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The Numbers Behind D.C.’s Pot Decriminalization Push

Tuesday, the District of Columbia votes on whether possessing 2 ounces of marijuana should be legal when it’s for personal use. Green-thumbed Washingtonians who are over 21 can also grow up to six cannabis plants in their homes if the ballot initiative — Initiative 71 — is passed. That looks like a real possibility. An NBC4/Washington Post/Marist poll in September found that 65 percent of registered voters were in favor.

Adam Eidinger, chairman of the DC Cannabis Campaign and the force behind the ballot, has claimed D.C.’s “racist drug war” is one of the many reasons why the initiative should be passed. Eidinger is not the only one to look at racial disparities in marijuana arrests. An American Civil Liberties Union report released last year found that nationally “a black person is 3.73 times more likely to be arrested for marijuana possession than a white person.”

And when the ACLU looked at D.C. specifically, a discrepancy also existed. Using crime and census data from 2010, it found that there were 353 arrests for marijuana possession per 100,000 black residents in Washington — for white residents, that rate was much lower at 128 per 100,000.

But is the difference in arrest rates between white and black D.C. residents simply explained by differences in their use of marijuana?

More data should be able to answer that. The government’s Substance Abuse and Mental Health Services Administration publishes a national survey, which asks detailed questions about drug use in over 45,000 interviews across the country. Its figures show that nationally, a slightly higher percentage of black Americans than white Americans say they have used marijuana in the past month or year. However, when respondents were asked about lifetime usage, the reverse was true: 51 percent of white respondents said yes, compared to 45 percent of black respondents. What’s more, neither black nor white respondents were the racial or ethnic group most likely to use marijuana.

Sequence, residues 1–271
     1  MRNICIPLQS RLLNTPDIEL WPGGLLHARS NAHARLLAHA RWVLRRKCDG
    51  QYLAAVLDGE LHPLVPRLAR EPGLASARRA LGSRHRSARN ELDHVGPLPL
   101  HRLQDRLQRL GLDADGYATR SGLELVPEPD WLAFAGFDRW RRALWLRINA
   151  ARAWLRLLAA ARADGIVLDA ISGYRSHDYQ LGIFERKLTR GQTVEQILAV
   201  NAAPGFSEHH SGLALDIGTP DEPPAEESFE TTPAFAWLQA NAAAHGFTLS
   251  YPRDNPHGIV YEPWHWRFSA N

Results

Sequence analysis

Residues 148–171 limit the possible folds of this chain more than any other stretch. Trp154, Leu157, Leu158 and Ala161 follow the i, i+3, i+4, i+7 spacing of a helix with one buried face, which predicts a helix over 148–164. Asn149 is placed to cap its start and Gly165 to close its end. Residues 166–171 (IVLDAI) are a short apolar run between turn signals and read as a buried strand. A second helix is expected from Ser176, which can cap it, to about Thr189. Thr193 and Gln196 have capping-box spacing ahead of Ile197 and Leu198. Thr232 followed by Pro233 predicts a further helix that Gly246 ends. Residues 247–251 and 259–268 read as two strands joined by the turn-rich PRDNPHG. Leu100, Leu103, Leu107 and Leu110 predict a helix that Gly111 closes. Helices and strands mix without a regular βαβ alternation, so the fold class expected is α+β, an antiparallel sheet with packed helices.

If those national racial and ethnic trends are the same in Washington (and from what I’ve found, nobody’s published the data to know if they are) then one of the supporters’ reasons for proposing Initiative 71 — that black Americans are being disproportionately targeted — does have some credibility. If Initiative 71 passes, measuring its effect will be difficult. The most recent arrest data from the FBI is from 2012, so it will be quite some time before we can see what effect, if any, it’s had.

Mona Chalabi is data editor at the Guardian US, and a columnist at New York Magazine. She was previously a lead news writer for FiveThirtyEight.